Wednesday, October 7, 2009

What We Learn from Jesus' Temptation

I have often quoted 1 Corinthians 10:13 when faced with trials and even strong desires that would move me out of God's approved path. You may remember it: "No temptation has seized you except what is common to man. And God is faithful; he will not let you be tempted beyond what you can bear. But when you are tempted, he will also provide a way out so that you can stand up under it." I have found it comforting at times but more often confusing as I struggled with issues that seemed to take over my life, sometimes for years. During the New Testament Challenge I was reading Matthew 4:1-11 where Matthew recounts the temptations of Jesus and I found there some consolation. It seems to me the temptations of Jesus are a template for all the temptations we are likely to face with the added benefit of "a way out so that [I] can stand up under it."
The first is the temptation to multiply what is in our hand for personal ease and comfort. What is at hand is the ability to make bread from rocks - or - money from using others; two helpings just for me from the loaded Thanksgiving platter; my own - for me only...whatever. Jesus shows us that we can only overcome this selfishness by reminding ourselves that our lives are not about us but about others.
The second is the temptation take God's promises and require them of God - to make God protect us from our impetuousness - recklessness - powerlessness. If Jesus was not willing to put God to the test to protect Him from harm should he through himself off a building, we must be doubly dubious about putting ourselves in personal, financial, spiritual danger because we believe God will never let us be harmed if we are doing "His Will." Here Jesus makes it clear that we do not want to be in the ranks of those challenging God unless He has invited that challenge.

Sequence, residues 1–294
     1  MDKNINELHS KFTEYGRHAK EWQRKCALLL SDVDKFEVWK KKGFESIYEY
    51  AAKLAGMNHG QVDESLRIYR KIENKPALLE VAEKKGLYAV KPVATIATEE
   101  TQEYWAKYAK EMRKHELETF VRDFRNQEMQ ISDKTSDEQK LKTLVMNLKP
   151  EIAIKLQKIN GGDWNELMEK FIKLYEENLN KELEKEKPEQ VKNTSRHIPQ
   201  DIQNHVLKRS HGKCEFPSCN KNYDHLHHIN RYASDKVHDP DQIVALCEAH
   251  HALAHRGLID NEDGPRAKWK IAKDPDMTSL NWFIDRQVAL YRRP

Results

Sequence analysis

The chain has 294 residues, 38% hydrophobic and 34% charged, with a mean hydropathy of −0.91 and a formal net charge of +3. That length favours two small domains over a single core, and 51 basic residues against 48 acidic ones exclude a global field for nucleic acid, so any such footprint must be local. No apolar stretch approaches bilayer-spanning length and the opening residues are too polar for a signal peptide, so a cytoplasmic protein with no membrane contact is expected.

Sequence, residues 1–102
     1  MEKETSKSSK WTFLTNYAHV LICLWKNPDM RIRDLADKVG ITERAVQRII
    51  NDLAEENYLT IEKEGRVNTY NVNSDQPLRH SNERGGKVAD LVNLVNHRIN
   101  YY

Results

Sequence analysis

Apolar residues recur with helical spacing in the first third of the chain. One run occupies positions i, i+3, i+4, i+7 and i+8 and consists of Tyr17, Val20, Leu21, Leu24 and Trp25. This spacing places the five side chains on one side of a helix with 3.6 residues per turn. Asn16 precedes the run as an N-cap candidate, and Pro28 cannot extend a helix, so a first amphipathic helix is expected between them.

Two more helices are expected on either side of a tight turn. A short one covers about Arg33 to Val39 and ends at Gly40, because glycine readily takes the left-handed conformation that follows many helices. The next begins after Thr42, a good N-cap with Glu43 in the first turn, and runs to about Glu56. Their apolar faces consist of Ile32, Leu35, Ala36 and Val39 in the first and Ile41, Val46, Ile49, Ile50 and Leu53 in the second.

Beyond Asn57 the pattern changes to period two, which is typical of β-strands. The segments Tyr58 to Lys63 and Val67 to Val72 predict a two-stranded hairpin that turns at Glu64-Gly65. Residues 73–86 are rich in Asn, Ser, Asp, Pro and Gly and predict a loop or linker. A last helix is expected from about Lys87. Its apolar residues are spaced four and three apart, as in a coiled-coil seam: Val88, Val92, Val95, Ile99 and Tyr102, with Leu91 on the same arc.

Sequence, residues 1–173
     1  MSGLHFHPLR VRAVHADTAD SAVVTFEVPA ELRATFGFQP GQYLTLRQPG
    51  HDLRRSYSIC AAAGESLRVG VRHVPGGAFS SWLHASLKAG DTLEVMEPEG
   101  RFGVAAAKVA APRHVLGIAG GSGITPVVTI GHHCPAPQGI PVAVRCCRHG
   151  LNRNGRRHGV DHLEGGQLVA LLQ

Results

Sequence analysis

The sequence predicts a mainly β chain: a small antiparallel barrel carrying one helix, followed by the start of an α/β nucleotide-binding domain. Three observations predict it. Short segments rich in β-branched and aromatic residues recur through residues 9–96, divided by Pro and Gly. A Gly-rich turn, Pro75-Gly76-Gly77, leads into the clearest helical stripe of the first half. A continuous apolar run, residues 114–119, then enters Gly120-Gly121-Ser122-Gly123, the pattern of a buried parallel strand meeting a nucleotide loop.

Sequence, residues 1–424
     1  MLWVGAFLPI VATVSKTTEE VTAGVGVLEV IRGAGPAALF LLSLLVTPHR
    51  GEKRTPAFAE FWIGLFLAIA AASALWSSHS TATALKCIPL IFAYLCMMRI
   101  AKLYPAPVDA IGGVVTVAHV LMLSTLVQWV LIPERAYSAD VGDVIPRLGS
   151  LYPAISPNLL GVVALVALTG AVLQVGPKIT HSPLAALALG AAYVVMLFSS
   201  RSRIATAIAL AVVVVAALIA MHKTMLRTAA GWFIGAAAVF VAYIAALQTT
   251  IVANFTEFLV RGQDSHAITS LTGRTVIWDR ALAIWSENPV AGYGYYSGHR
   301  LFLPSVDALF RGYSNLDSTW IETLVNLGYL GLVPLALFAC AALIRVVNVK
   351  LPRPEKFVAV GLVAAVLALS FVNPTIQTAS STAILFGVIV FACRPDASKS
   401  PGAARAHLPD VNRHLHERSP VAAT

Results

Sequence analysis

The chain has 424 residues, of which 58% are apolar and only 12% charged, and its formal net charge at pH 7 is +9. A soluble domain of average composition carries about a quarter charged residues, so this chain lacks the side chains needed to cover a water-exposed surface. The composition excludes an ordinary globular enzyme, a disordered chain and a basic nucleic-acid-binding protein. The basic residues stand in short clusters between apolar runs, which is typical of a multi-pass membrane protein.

Finally, the temptation to believe we can do it without God if we have a big enough bank roll, support base or preparation. James offers a bit of advice to believers who would never dream of denouncing God for any other power source but are willing to "go it alone" in earthly decisions when he warns in James 4:15-16, "Instead, you ought to say, “If it is the Lord’s will, we will live and do this or that.” As it is, you boast and brag. All such boasting is evil."
The antidote for all three forms of temptation is to pre-load holiness which Jesus offers in these words of response to the last temptation. “Jesus said to him, ‘Away from me, Satan! For it is written: ‘Worship the Lord your God, and serve him only’” Matthew 4:10.

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